It will take a ‘cyclopedic effort’ to achieve the headline-grabbing pledge on renewable power made at the Dubai climate summit, the head of the international renewables body has warned.
On Saturday, various leaders signed up to a raft of promises on energy at COP28, including 118 countries that joined a commitment to triple renewable power by 2030.
But today the head of the intergovernmental renewables body, IRENA, said it will be hard to achieve because the world had left it so late, while others cautioned it was only voluntary.
“The fact that we have delayed strong action, has put us now in the emergency, Francesco La Camera, director general of United Arab Emirates-based IRENA, told Sky News in an interview.
“We are proud,” added the IRENA boss, but “naturally this means a huge, cyclopedic effort.”
“I always made this a stupid example that says that it is like the Tom Cruise movie, Mission Impossible.
“We have to see if the government will come to be the Tom Cruise of this challenge.”
More on Cop28
However, in recent years renewables have plummeted in costs and soared in capacity, both beyond expectations.
These trends have been driven in some part by COP climate summits sending signals to markets, but were accelerated by the energy crisis sparked by the war in Ukraine.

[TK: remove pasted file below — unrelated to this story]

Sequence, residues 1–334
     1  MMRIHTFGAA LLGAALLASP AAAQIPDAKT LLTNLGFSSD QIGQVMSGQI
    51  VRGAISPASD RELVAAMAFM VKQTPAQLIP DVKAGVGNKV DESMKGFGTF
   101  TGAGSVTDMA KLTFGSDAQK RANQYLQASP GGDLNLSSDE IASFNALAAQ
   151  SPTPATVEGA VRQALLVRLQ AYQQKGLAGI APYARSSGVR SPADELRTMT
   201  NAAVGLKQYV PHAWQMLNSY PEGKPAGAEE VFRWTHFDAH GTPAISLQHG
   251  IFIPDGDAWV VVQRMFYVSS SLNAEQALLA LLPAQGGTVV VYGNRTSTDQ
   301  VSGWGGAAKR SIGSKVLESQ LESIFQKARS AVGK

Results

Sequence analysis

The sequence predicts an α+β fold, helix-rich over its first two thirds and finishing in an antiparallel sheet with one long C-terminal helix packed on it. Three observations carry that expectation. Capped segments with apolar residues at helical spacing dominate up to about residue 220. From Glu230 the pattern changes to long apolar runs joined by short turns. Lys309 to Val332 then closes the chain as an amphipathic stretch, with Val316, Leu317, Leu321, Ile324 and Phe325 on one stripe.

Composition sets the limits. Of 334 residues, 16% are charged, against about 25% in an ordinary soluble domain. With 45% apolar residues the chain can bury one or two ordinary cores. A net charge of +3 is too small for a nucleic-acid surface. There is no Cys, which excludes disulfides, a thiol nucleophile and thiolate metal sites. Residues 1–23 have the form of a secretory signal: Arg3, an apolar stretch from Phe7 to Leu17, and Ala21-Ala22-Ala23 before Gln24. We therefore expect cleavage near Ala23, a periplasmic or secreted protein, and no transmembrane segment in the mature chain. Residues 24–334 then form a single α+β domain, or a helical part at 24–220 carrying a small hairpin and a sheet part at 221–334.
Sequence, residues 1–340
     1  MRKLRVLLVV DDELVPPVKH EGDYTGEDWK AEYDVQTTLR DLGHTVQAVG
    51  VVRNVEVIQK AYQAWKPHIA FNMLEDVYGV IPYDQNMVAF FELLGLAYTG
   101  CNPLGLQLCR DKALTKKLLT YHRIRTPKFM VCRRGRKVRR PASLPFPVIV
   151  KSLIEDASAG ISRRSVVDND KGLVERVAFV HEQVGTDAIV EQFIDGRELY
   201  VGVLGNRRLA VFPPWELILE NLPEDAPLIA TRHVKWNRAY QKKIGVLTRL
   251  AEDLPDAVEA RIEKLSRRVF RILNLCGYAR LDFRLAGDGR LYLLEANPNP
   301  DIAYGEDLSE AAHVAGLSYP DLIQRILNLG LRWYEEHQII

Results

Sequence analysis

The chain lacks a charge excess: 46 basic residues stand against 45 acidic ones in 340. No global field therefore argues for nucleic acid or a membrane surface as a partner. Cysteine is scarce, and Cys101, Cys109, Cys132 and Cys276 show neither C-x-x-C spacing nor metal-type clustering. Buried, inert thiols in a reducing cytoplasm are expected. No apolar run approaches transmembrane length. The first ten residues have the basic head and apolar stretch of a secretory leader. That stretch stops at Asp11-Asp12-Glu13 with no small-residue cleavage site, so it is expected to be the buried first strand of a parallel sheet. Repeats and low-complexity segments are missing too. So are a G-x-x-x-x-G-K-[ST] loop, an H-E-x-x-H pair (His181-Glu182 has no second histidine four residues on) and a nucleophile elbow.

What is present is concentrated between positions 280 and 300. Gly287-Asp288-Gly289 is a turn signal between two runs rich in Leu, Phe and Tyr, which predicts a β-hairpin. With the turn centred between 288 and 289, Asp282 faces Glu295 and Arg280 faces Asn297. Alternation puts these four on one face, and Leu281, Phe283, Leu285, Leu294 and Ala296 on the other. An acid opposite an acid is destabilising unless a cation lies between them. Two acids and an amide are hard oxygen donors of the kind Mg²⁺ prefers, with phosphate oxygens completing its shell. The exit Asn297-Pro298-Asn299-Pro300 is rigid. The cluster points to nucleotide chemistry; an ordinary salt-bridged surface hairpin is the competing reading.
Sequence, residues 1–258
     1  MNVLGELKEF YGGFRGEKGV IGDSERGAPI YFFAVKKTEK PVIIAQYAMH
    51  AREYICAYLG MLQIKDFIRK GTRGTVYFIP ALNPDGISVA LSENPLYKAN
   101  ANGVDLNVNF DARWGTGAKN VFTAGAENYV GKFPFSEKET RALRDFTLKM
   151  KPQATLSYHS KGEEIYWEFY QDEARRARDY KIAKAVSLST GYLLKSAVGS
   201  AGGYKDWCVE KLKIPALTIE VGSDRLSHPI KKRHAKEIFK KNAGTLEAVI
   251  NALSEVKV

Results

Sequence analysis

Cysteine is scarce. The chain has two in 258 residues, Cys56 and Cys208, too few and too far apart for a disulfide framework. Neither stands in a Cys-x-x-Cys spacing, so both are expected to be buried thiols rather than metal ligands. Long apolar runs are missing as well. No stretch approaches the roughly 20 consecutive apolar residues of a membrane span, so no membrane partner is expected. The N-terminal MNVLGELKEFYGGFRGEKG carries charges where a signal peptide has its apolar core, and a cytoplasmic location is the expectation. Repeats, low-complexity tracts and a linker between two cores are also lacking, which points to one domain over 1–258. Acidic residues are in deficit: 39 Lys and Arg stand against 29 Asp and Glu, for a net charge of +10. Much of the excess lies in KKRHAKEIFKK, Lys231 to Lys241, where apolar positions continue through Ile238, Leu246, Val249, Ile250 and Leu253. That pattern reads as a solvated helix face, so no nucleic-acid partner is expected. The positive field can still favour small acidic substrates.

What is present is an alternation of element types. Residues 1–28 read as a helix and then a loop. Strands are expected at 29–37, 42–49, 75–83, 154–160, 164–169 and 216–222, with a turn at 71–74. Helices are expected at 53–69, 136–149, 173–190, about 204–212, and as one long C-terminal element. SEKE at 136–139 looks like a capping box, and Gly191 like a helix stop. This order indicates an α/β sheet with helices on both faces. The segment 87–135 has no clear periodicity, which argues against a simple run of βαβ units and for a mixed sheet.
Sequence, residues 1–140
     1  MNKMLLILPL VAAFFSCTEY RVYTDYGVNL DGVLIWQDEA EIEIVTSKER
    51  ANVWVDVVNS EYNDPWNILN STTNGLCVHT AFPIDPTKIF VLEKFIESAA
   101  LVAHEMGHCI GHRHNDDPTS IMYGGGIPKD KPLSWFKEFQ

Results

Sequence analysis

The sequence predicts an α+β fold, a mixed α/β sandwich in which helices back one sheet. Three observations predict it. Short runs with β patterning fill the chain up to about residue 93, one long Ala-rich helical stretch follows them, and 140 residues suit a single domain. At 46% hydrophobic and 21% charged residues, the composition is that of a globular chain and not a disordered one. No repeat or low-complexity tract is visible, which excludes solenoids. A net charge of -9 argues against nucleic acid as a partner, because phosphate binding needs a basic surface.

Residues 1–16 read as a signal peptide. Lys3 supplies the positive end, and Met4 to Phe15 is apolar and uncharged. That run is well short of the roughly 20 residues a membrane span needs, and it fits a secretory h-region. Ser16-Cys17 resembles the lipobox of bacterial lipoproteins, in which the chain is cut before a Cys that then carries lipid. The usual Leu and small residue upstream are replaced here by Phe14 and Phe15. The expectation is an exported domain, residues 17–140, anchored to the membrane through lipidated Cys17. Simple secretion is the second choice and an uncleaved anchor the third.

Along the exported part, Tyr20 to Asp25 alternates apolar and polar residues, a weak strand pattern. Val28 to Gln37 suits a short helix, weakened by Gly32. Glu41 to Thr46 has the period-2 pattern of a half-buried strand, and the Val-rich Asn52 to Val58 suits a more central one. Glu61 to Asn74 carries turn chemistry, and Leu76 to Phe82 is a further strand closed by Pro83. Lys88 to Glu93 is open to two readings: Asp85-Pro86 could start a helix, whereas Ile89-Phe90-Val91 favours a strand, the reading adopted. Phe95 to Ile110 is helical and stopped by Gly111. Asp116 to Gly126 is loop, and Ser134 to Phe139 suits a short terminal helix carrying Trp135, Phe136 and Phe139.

The world is already on course to double clean power like solar and wind by 2030, if current government policies are fulfilled, according to analysis by climate thinktank Ember.
“Tripling requires a bending of the curve,” said Ember’s Dave Jones.
It would mean means growing annual installations by 17% per year to 2030 – “which is what we have already achieved on average from 2016 to 2023,” he added.
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Francesco La Camera said tripling is “doable” but difficult, and would require new policies to address demand and financing for fossil fuels as well.
If policies “still continue to demand [fossil fuels], they will arrive”, said Mr La Camera.
Infrastructure is a problem plaguing many countries – including the UK – that are trying to ramp up renewable power, with grids struggling to keep up with the number of new electricity projects coming online. More ports and pipelines are desperately needed to transport the power, too.
Joab Okanda, pan Africa senior advocacy advisor at Christian Aid, said the announcement is “encouraging, but it’s not enough.”
The pledges are voluntary measures joined by some countries, but are not a part of the formal COP process.
“We need to see this translate into the real text,” he said, referring to the final treaty that all countries will sign up to at the end of the COP negotiations.
Diplomats are now attempting to translate the messages sent by leaders who jetted in for the start of COP into a draft version of the final text.
Tensions are simmering over whether fossil fuels, the primary cause of climate change, should be name-checked, a highly sensitive issue among major producers.
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Source : Sky News